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China's economic growth slows further in 1Q

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[April 16, 2009]  BEIJING (AP) -- China's economy grew at its slowest pace in at least a decade in the first quarter, but stronger industrial activity added to signs the slump might be bottoming out amid huge stimulus spending.

The world's third-largest economy grew by 6.1 percent from a year earlier as the global crisis battered trade, down from 6.8 percent in the previous quarter, the government reported Thursday.

RestaurantOverall growth "is below expectations but positive signs are emerging that the economy possibly is bottoming out," said Credit Suisse economist Dong Tao.

Industrial output surged 8.3 percent in March from a year earlier, up from 3.8 percent growth in the first two months of the year, said Li Xiaochao, a spokesman for the National Bureau of Statistics. Investment in factories and other fixed assets soared 28.6 percent from a year earlier.


Premier Wen Jiabao, China's top economic official, said the data showed the stimulus spending was producing results and the economy was in "better than expected" shape, the official Xinhua News Agency reported.

Quarterly growth appeared to be the lowest in at least a decade, though China has repeatedly revised its historical data, making comparisons difficult. Analysts said the 6.8 percent rate in the previous quarter was the lowest since 2001 and possibly earlier.

Beijing worries that rising job losses due to the crisis will fuel unrest and its priority is creating jobs for millions of unemployed people. Some analysts say 8 percent growth -- China's official target for this year -- is the minimum needed to create enough employment. But others say the government should focus on job creation, not overall growth, because stimulus spending might inflate growth numbers without adding enough jobs.

Other areas have shown tentative improvements, with auto sales hitting a monthly high in March. But Wen has cautioned that a possible rebound is still fragile and called for vigilance and more efforts to boost growth.

The World Bank and some private sector economists see a Chinese recovery starting this year but say that will depend partly on whether demand in the United States and other Western markets recovers. The World Bank is forecasting Chinese growth of 6.5 percent this year.


A Chinese rebound could be significant for the global economy this year, boosting demand for foreign goods at a time when the United States, Japan and other major countries are expected to remain in recession.

Beijing's 4 trillion yuan ($586 billion) stimulus aims to reduce reliance on exports by injecting money into the economy through a vast program to build highways and other public works in hopes of boosting domestic consumption.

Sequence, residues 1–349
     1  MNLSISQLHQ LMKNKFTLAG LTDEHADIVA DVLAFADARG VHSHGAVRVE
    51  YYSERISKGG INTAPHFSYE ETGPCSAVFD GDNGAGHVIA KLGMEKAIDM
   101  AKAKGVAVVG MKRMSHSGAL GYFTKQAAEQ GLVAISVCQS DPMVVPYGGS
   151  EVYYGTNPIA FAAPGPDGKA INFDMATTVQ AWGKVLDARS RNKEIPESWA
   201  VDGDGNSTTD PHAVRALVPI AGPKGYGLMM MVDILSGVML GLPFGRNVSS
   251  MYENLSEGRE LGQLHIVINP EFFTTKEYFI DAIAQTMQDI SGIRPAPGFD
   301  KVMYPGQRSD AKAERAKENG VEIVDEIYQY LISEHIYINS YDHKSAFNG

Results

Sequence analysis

The biggest impact so far has been to boost employment and revenues at state-owned construction companies. But money is flowing into the private sector as builders pay workers, buy materials and hire subcontractors.

Wang Jian, owner of the Sheng Yuan Building Materials Co. in the eastern city of Laiwu, said orders at his 100-employee company are up 20 to 30 percent from the bleak final months of 2008, when sales fell 50 percent. He said orders for waterproofing and reinforcing materials used in highway construction have helped him avoid layoffs.

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After "stop and start" work last year, "my production resumed this year and never stopped," Wang said. "As long as there is work to do every day, at least it guarantees the salaries of the workers."

Exports fell 17 percent in March, the fifth monthly decline, but that was less severe than February's 25.7 percent plunge. Analysts said that suggested trade was stabilizing, though exports should remain weak.

The collapse in demand for Chinese exports threw at least 20 million people out of work as factories closed. It is unclear how many might have found new jobs in stimulus-finance public works projects.

Consumer spending -- a key element of the recovery plan -- rose 15 percent in the quarter, the statistics bureau reported, though that rate was slightly lower than growth reported for previous months.

Consumer prices fell by 1.2 percent in March, the data showed, leaving Beijing room to cut interest rates further to boost growth without the risk that it might fuel pressure for prices to rise.

The government has to take more steps to generate jobs and domestic demand for goods exporters can no longer sell abroad, said Mei Jianping, a finance professor at the Cheung Kong Graduate School of Business in Beijing.

"Infrastructure spending and other government spending do not generate a lot of employment. That is my main concern, not economic growth," Mei said Wednesday.

"To have sustainable growth, you have to have major change," he said. "It really is a matter of how quickly they can make adjustments."


On the Net:

National Bureau of Statistics of China (in Chinese:

[Associated Press; By JOE McDONALD]

Associated Press researcher Bonnie Cao in Beijing contributed to this report.

Copyright 2009 The Associated Press. All rights reserved. This material may not be published, broadcast, rewritten or redistributed.


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